“They (can) also engage in a game within the brand’s virtual space that allows them to win special items, which may translate into real-life swag. This is just the tip of the iceberg.”
Decision-making in the virtual world is stimulated by the same factors that exist in the real world, too. Engagement is still key.
“People in the metaverse make decisions just as they would in the physical world, activating the same neural pathways in the brain that create memorable experiences in real life. Through purposeful use of depth, perspective, audio and interactions in the metaverse, virtual experiences are able to capture attention and trigger emotional responses that increase engagement and retention,” says Tan.
A Proven Concept
Last year, VTF organised Data Asia 2021, a week-long virtual exhibition curated to help small- and medium-scale enterprise owners discover the right digitalisation tools for their business in an interactive virtual environment.
VTF described the virtual tech expo as an ambitious project. It was designed to push back the boundaries of how online exhibitions and conferences are viewed, combining keynote speeches, forums and webinars with activities like a lucky draw and treasure hunt.
The company said the event attracted visitors from across Asia.
Fifty-two per cent of attendees were from the service industry and 11 per cent from the retail industry.
The virtual expo also gathered participants from the education, information technology, healthcare and finance sectors.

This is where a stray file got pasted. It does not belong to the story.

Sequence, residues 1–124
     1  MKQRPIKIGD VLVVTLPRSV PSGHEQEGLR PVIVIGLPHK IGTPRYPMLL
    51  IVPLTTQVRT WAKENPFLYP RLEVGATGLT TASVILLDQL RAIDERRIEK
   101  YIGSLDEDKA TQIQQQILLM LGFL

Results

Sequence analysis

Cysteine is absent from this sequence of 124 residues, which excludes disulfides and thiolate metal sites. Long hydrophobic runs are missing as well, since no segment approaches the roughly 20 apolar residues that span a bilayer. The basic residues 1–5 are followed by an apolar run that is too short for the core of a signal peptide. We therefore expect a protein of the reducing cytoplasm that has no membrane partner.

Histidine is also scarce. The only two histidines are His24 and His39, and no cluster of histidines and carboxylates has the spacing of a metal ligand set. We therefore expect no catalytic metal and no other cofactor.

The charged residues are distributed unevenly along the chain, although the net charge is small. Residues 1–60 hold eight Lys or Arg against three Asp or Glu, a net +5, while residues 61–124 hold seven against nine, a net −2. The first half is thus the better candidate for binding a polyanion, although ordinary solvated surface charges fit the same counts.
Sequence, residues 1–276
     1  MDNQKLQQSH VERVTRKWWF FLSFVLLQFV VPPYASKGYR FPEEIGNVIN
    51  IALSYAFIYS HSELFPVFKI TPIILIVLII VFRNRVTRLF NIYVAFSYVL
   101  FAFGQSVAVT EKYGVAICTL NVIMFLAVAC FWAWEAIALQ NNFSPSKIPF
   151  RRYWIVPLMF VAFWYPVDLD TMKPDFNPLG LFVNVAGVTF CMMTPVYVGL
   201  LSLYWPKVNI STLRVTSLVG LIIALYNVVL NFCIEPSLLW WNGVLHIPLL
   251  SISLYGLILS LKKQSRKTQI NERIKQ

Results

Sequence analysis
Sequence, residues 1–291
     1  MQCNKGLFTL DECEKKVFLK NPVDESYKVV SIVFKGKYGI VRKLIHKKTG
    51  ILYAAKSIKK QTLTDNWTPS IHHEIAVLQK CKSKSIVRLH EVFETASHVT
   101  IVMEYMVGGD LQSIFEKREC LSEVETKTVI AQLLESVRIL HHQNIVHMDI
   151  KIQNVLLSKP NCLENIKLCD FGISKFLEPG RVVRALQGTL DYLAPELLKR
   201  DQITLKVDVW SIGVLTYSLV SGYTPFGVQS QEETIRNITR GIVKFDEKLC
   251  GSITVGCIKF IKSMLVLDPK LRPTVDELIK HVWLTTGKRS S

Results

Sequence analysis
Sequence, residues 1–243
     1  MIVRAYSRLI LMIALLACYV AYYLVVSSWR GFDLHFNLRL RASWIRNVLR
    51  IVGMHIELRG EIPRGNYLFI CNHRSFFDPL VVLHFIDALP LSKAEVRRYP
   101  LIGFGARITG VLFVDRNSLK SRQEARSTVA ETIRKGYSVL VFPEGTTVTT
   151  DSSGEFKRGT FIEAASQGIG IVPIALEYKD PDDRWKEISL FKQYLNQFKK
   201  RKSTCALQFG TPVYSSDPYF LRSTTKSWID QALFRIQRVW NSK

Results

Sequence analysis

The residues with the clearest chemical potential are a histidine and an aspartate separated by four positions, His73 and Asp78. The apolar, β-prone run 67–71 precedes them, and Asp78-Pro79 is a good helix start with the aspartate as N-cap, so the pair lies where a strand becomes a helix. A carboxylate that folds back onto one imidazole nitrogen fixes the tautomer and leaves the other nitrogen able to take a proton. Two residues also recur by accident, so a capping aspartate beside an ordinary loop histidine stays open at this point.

The exhibition featured digital solution providers, such as Visa, Easystore, EasyParcel and Exabytes and it was conducted entirely in the virtual space with a unique role-playing game (RPG)-like experience to heighten user engagement.
The event garnered visitor traffic of more than 35,000, with 1.5 million impressions generated over the seven days — proving that by incorporating innovative virtual features, virtual solutions can transform the events industry.
Recently, VTF announced that it is being backed by venture capital firm 500 Global, through its regional arm 500 Southeast Asia, which has more than US$2.7 billion in assets and is backing 2,600 companies in 81 countries across multiple sectors, from Internet to consumer retail and deep technology.
500 Southeast Asia associate director Amanda Cham says that it is in the company’s culture to support businesses that seek to take new technology to the mainstream and that the firm has invested in Web3 companies, such as Animoca Brands in 2014, Solana Labs in 2018, and Axie Infinity creator Sky Mavis in 2019.
“We believe that VTF is building a next-generation infrastructure for the Internet, and it’s companies like these that can change how we experience the web,” says Cham.
Currently championing virtual environments, non-fungible tokens and game development, VTF is venturing further, widening its vision to create a high-utility metaverse platform. And the investment from 500 Global will go towards team expansion to serve its long list of customers.